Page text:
This set of directives specify the common parameters of the spherical projection or deprojection. The "sin", "arc" and "tan" directives set the type of projection to orthographic, arc and gnomonic, respectively. The values after "ra" and "dec" (<R> and <D>) specify the center of the projection (right ascension and declination, respectively, in degrees). The optional parameter <F> is for the roll angle (in degrees). The "degrees", "radians" or the "scale=<S>" directives specify the scaling of the output. The directive "degrees" is equivalent to set "scale=57.29577951308232087721" (180 over \Pi), this is the default. The directive "radians" is equivalent to set "scale=1". Alternatively to the right ascension, declination and roll parameterization, one can use quaternion-based pointing here by specifying qr, qi, qj, qk for the real, and the three imaginary components, respectively.By default, this projection tries to compute the projected coordinates for all of the positions presented in the input list. However, it might yield unexpected results in certain cases (e.g. an input list on a nearly full sphere and orthographic projection). One can use the "max=<max_distance>" parameter to filter objects beyond this maximum distance.
Column indices for RA and DEC values. This option implies projection.
Column indices for X and Y projected values. This option implies deprojection.
Column indices for the output values (which are X and Y for projection and RA, DEC for deprojection).

Options for fitting WCS information:

This set of directives specify the common parameters of WCS fitting. The projection can be orthographic, arc or gnomonic (however, there are dosens of projections implemented in the FITS WCS system, but for practical purposes, such projections seem to be more than enough). The center of the fit is set by "ra" and "dec" (RA and DEC, in degrees). The distortion order is specified by order. Note that the RA and DEC values specified here can only be an assumed values, however, the larger the optical distortions are, the better to have RA and DEC values close to the optical axis.
Column indices for the RA and DEC values.
Column indices for the pixel values.

Note that in this case, the set of the appropriate FITS keyword=value pairs are written directly stdout, not in the file specified by the options --output or --output-transformation.


Here is an example for a complete astrometry problem which demonstrates the proper usage of the programs grmatch and grtrans. Let us assume that we have 1/ a reference star catalogue, named "catalog.dat", a file with four columns: the first is the identifier of the star, the second and third are the celestial coordinates (RA and DEC, in degrees), and the last is the magnitude of the stars; 2/ an astronomical image, named "img.fits" (not crucial for the astrometry itself, it is required only by the demonstration of the export of FITS WCS headers); and 3/ a list of decected stars (from "img.fits"), named "", a file with three columns: the first two are the pixel coordinates and the third is an estimation of the flux (in ADUs, not in magnitudes).

Let us also denote the celestial coordinates of the center of the image by R and D, the RA and DEC values, in degrees and, for example let R=220 and D=25, a field in the Bootes. Let us also assume that the size of our field (both the catalog and the list of the deceted stars) is 3 degrees and there are approximately 4000-4000 stars both in the reference catalog and in the list of the detected stars. Because we have such a large amount of stars, one can use only a fraction of them for triangulation.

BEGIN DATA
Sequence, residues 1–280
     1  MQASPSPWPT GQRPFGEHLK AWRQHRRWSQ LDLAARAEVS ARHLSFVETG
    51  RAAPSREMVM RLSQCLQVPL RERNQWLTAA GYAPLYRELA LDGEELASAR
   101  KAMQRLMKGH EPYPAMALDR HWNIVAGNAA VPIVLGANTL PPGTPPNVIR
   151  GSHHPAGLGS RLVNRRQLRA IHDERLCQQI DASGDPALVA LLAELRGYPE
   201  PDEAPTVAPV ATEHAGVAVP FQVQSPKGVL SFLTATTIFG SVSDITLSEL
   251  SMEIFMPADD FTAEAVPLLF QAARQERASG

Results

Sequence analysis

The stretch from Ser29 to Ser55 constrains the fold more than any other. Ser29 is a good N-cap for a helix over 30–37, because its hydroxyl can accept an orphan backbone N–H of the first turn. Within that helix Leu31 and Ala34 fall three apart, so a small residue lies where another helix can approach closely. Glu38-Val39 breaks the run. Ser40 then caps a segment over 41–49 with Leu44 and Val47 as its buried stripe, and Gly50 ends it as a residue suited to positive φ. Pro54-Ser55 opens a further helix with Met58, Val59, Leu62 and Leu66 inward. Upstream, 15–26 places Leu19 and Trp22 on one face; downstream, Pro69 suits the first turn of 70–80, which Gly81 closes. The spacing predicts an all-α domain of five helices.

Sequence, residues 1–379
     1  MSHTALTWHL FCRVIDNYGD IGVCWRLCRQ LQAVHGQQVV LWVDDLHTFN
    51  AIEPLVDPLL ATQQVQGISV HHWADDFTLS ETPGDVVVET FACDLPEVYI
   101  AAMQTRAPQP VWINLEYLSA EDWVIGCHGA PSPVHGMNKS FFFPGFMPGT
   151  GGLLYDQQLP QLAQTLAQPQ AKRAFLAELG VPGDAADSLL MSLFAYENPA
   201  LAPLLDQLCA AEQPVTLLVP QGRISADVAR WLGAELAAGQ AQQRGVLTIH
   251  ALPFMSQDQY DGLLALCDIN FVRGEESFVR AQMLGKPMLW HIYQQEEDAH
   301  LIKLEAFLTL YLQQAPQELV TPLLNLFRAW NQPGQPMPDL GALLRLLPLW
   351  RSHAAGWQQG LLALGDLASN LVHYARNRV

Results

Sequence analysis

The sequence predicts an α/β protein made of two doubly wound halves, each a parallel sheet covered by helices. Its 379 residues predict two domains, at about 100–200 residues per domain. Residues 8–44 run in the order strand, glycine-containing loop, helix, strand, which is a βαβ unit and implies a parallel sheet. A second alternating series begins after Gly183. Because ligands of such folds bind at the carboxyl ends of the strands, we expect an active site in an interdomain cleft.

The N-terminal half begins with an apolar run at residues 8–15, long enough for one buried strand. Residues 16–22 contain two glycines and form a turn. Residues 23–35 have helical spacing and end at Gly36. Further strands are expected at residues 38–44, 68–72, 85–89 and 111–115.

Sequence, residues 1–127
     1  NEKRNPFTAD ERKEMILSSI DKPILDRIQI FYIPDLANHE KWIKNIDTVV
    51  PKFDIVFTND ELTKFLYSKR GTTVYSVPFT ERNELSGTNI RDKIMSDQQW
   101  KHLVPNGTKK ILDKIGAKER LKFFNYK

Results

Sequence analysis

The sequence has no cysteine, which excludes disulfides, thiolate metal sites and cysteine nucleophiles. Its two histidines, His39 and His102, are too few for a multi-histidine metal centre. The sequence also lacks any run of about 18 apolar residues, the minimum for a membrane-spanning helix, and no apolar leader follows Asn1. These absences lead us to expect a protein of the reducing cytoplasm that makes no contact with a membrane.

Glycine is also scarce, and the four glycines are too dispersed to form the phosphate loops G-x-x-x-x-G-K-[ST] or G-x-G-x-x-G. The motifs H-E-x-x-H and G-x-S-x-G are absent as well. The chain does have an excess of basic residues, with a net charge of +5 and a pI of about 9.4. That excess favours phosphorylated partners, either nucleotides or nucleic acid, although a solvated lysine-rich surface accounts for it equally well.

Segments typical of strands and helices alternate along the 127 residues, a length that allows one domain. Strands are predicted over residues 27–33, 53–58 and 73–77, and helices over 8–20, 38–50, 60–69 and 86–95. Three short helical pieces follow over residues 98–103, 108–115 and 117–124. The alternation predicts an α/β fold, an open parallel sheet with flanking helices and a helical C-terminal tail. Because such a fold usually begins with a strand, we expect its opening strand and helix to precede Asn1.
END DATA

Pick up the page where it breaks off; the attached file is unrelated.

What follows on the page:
The first step is to make a projection from the sky, centered around the center of our image:

grtrans --input catalog.dat --proj tan,degrees,ra=220,dec=25 --col-radec 2,3 --col-out 5,6 --output img.proj

The second step is the point matching:

grmatch --reference img.proj --col-ref 5,6 --col-ref-ordering -4 --input --col-inp 1,2 --col-inp-ordering +3 --match-points --order 4 --triangulation auto,unitarity=0.01,maxnumber=1000,conformable --max-distance 1 --weight reference,column=4,magnitude,power=2 --comment --output-transformation img.trans

This grmach invocation matches the stars from projected reference catalog, "img.proj " and the detected stars. The "--order 4" specifies a fourth-order polynomial fit, which is, in practice, good for a field with the size of 3 degrees. The directives after "--weight" makes the magnitudes taken from the reference file to be used as a weight for fitting. This invocation yields one new file, "img.trans" which stores the fitted 4th-order polynomial transformation which transforms the projected coordinates to the system of the image.

The next step is the astrometrical transformation, we create a "local" catalog, which is the original catalog extended with the proper X and Y plate coordinates:

grtrans --input img.proj --col-xy 5,6 --input-transformation img.trans --col-out 7,8 --output

This invocation yields an other new file, "" which has 8 columns. The first six columns are the same as it was in "img.proj" (identifier, RA, DEC, magnitude and projected X, Y coordinates), the last two colums are the fitted plate coordinates. Then, the proper WCS headers can be determined by the following call:

grtrans --input --col-ref 2,3 --col-fit 7,8 --wcs tan,order=4,ra=220,dec=25 >img.wcs

The newly created file, img.wcs contains the FITS "keyword"="value" pairs, which can be exported to "img.fits" to have a standard header extended by the WCS information. For exporting, the program fiheader(1) can be used:

fiheader img.fits --rewrite --update "$(cat img.wcs)"

Note that the last two grtrans calls can be replaced by a single pipeline, when the file is not created:

grtrans --input img.proj --col-xy 5,6 --input-transformation img.trans --col-out 7,8 --output - | grtrans --input - --col-ref 2,3 --col-fit 7,8 --wcs tan,order=4,ra=220,dec=25 >img.wcs


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Copyright © 1996, 2002, 2004-2008, 2010-2016, 2018-2020; Pal, Andras <>

January 2021 grtrans 0.9.4 (2021.01.24)